Walter Harris was born in 1931 to Chris and Clara Harris, who were both from prominent families. Walter was raised in Kispiox and is a member of the Gitxsan nation located in northern British Columbia, Canada.
Walter and his wife, Sadie, have five children, twenty grandchildren and three great grandchildren. His two sons have carried on the carving tradition, learning and working with him on several projects.
Walter has been successful in almost every venture he has undertaken. Before his career as an artist, Walter’s energy, talents and determination contributed to his success in various vocational ventures, such as a miner, sawmill owner/operator, carpenter and commercial fisherman. His belief in preserving and creating the traditional form of Northwest Coast art contributed to his decision to leave all facets of his employment in 1969.
In 1957 Walter received his uncle’s hereditary chief name “Geel.” Receiving this name and its responsibilities established him as the recognized head chief of Kispiox, amongst the other chiefs of the Gitksan nation.
While taking part in the construction of a replica of the Gitxsan village now known as ‘Ksan, Walter was intrigued by the forms and symbolisms of Northwest Coast First Nations art. This awakened interest inspired his enrolment in the newly formed Kitanmaax School of Northwest Coast Indian Art in 1969. He studied and mastered jewellery making under Jack Leyland, wood carving under Duane Pasco and Doug Cranmer, and attended seminars on Northwest Coast graphic design given by Bill Holm.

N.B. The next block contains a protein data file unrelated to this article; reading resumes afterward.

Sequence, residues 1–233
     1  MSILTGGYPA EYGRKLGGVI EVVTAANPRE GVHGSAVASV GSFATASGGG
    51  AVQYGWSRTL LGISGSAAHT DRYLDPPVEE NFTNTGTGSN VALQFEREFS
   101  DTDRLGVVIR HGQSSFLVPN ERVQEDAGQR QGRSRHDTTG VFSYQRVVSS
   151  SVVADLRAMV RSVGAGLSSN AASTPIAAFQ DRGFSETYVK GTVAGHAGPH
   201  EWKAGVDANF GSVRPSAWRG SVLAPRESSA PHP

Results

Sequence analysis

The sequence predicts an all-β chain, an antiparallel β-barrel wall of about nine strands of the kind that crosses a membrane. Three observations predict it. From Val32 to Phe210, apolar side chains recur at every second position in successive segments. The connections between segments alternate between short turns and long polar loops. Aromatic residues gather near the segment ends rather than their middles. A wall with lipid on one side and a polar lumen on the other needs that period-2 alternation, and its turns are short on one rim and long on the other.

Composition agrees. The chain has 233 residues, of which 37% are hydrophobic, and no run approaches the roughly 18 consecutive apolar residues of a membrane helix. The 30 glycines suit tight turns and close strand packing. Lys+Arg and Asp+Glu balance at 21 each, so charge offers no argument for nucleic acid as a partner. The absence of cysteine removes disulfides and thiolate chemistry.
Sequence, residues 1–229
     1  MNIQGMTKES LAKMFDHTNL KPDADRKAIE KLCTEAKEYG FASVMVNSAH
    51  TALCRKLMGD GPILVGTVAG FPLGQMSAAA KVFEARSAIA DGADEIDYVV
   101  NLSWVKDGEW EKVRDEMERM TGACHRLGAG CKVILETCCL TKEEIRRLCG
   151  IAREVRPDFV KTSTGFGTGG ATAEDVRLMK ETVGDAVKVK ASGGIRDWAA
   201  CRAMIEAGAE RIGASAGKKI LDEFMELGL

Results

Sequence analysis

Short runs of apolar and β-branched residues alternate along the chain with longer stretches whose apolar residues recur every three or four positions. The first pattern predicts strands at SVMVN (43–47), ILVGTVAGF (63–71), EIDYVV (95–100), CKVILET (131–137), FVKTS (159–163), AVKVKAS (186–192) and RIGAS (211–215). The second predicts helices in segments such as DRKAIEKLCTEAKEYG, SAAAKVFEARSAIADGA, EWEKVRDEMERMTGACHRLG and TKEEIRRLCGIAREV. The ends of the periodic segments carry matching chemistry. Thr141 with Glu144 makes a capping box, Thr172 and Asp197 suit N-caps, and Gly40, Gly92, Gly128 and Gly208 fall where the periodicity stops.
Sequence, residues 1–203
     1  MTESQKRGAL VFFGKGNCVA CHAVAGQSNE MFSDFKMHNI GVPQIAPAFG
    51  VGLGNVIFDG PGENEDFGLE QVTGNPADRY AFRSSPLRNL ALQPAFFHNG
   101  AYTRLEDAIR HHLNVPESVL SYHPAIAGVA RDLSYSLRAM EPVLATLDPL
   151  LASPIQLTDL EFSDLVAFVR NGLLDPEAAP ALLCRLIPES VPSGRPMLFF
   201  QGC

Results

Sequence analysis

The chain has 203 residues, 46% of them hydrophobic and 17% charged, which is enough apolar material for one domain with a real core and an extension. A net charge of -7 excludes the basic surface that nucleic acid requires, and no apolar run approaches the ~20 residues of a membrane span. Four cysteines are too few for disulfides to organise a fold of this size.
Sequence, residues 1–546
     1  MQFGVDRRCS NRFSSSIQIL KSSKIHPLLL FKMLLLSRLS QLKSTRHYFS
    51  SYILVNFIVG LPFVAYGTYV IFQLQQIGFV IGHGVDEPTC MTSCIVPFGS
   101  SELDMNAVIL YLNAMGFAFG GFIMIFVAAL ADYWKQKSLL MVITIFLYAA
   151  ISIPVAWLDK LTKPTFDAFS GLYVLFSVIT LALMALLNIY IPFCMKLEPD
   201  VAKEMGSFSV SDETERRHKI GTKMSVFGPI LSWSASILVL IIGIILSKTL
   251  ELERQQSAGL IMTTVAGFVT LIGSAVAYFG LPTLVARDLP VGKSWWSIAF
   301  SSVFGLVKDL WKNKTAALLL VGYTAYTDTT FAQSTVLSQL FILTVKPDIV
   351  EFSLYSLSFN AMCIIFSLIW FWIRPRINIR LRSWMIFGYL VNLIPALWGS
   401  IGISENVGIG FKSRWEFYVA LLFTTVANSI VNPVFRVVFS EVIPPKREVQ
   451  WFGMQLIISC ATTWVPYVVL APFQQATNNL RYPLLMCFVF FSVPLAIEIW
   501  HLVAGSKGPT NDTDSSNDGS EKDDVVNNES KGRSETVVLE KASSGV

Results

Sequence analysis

Walter eventually developed his talents to the point of being named senior instructor of wood sculpture at ‘Ksan, a post which he proudly held from 1972 to 1985.
As Walter mastered his art he created his own unique style that adhered closely to Gitxsan tradition. Walter is world renowned for his unique and exquisitely detailed masterpieces that reflect the traditional form of northwest coast art.
He keeps rubbings of all his jewellery to ensure that each engraving is “one of a kind.” The public recognition and appreciation of his artistic talents and versatility have allowed him to continue pursuing his career in art.
Throughout the years numerous of his select pieces have found their way into publications and private collections of well-known authorities and collectors in Northwest Coast art from many countries around the world. A highlight of his art career came in 1978 when he was appointed to the Fine Arts Committee of Canada that selects significant artefacts to be purchased by the federal government of Canada.
In 1987, Walter’s artistic endeavours and productivity came to an abrupt end as a result of a stroke. Through the encouragement and support of his family and his own perseverance he was able to slowly begin a long journey toward recovery only to receive a further setback in the form of major heart surgery in 1990.
Throughout his career he has worked and assisted family members and other up-and-coming artists in designing, woodcarving, jewellery making and silk screening. Numerous artists’ have studied under his tutelage and many give him credit for this, acknowledging his contributions in building their self-esteem as carvers and as critics with regard to their own northwest coast designs.
The curriculum vita is a collection of his major accomplishments, however there are numerous pieces that are in the homes of private collectors and individuals throughout the world. They recognize and respect his creations as major art pieces in wood, limestone, jewellery and in silkscreen prints.
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